But dinners like assizes must come to an end at last. So after a pleasant three weeks I went to my uncle's, and thence found my way on here. Good old Saunders is in some ways a different person to what he used to page 142be. The free life and exercise among the hills, the greater opportunity of reading and seeing people other than schoolmasters has given his mind a larger horizon, and the getting away from schoolmastering and the sway of old Pott, who is likely I hear soon to go whither his name imports, has caused it to take a bound into heights I never suspected it was capable of. He is the most pleasant companion. We take tremendous walks. He knows every spot about here worth seeing either for its scenery or its interest in other ways. We have visited Gretta Hall where Coleridge lived for some time and set up a printing press, with which however he didn't print much, and where Southey lived and died, and Crosthwait Church where he lies buried. I have had long talks with. Wordsworth or rather listened to him talking as he walks about his garden and shows his terraces and the spots where such and such a poem was written, and views which inspired this or that poetic thought. He can talk of little but himself and his poems and I doubt if he often thinks about much else. Now and then he breaks out into strains which show he must have had, and perhaps on occasions still has, great conversational power. He is over seventy-five, and the most benevolent perfect-looking old gentleman I ever expect to see. He is full just now of a great tour through Yorkshire he is going to start on in a few days. It is astonishing what knowledge he shows about things in general when you can get him to talk of things other than himself, for he never seems to read and has hardly any books in his house. page 143Speaking of Wordsworth recalls to my mind the delicate De Quincey whom I should much have liked to meet here in the home of his happiest years, he is away now living at Edinburgh. You should read his charming sketch of Wordsworth's poetry just published in Tait's Magazine. Hartley Coleridge is still here living close at hand at the Nab Cottage lapped by the gentle wave of Rydal Water. I have been to see him several times, and I met him once at the Mount. We have long talks of Oxford and especially of Oriel of which for one short year he was a fellow, and they turned him out. Poor old drunken Hartley Coleridge much very much of a genius much indeed of a poet as weak as water against him all the world—has been sinning nearly all his life. I can't help thinking the sons of such a one as his father was should if necessary be taken care of by the State, just as it gives pensions to great conquerors and mighty chancellors not for their own lives only but to their children after them. My pleasure here has been clouded by the sad news I had from an old friend at Oriel that there is now no doubt Dr. Newman has decided to leave us. The decision of such a one is irrevocable. I have had a dread for some time it must come to this but now it has come it is a shock to one's faith in the old Church of England that I have endeavoured to stick to and stick up for so long. I know his desire and heart-rending earnest struggle all through the last three years to find some honest and firm ground on which he could stay within her fold amongst those friends in whose love he lives, and parting from whom he must feel as though he page 144was starting on a long weary journey in a foreign land, with none but strangers for companions with other ways and other thoughts and feelings different to those of the dear companions he must leave behind. His consolation is he knows he has striven with all the power of his logical mind and the fervour of his devoted soul to find the truth, and in his strong belief that in the new land whither he is bound there only this truth can be found, and that in going he fulfils the will of God.—Now fare thee well old friend, from yours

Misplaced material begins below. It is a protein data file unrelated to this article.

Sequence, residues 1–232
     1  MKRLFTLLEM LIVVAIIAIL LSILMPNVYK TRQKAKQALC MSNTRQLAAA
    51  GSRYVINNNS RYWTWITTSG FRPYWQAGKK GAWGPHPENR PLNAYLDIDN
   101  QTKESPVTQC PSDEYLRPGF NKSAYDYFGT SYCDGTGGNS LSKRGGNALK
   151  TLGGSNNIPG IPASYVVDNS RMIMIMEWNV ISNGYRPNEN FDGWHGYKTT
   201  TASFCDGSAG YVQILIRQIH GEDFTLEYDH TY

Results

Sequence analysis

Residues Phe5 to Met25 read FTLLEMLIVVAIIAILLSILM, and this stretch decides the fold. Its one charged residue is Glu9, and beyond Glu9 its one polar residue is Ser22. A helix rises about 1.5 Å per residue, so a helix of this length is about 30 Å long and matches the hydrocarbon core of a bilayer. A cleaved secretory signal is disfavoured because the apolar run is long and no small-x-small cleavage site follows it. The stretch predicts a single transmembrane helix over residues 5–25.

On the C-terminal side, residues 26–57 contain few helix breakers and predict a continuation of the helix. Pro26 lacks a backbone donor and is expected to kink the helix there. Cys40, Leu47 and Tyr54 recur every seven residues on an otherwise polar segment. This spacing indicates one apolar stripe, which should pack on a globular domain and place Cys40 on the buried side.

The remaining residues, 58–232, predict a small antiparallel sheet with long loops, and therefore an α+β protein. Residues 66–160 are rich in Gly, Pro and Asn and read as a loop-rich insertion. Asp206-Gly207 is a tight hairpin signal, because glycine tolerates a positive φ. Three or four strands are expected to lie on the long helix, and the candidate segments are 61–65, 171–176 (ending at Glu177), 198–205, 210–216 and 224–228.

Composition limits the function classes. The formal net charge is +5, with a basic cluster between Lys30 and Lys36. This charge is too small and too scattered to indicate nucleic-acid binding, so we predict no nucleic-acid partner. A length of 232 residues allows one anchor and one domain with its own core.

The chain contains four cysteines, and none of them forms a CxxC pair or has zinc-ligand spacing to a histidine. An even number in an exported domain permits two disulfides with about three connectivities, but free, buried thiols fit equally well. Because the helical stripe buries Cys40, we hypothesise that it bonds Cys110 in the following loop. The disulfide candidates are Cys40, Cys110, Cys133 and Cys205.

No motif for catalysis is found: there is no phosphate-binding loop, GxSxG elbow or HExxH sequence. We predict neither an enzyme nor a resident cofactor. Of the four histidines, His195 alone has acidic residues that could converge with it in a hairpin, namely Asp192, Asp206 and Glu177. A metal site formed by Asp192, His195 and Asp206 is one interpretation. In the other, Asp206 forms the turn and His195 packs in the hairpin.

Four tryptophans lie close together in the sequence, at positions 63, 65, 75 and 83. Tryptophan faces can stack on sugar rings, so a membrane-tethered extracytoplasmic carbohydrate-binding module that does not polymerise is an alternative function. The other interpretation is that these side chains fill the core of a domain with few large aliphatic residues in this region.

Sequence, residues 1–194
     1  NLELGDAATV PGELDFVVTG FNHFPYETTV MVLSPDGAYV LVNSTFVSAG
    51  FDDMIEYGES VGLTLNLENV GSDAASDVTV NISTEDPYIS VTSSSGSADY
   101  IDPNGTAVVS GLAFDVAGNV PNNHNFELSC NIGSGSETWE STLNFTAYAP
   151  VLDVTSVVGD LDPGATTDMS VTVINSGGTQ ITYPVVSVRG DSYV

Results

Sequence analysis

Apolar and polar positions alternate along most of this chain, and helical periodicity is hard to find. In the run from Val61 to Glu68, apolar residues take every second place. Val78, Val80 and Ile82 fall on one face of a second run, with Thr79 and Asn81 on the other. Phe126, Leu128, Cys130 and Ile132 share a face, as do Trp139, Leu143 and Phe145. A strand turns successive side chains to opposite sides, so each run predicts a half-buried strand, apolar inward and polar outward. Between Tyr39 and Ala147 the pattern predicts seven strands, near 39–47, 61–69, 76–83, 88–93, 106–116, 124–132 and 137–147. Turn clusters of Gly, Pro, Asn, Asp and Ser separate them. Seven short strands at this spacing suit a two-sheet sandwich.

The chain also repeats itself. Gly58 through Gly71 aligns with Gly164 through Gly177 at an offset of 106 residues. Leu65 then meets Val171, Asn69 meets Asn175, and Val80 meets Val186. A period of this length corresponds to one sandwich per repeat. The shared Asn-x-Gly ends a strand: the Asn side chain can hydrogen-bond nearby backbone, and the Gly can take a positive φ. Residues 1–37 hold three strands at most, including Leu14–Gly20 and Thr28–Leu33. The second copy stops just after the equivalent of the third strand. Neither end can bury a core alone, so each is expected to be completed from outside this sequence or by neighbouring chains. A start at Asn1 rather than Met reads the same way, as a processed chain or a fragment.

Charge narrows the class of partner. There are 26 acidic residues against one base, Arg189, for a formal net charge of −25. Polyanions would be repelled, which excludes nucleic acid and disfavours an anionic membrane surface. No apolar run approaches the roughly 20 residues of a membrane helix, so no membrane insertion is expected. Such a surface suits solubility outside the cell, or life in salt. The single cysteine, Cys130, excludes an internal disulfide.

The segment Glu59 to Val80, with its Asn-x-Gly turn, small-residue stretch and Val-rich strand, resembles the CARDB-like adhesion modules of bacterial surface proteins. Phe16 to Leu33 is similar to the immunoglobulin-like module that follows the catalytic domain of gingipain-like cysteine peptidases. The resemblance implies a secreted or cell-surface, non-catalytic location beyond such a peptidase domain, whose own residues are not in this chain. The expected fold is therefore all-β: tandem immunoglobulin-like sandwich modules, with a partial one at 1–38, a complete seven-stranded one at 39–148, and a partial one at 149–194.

C. Augustin B.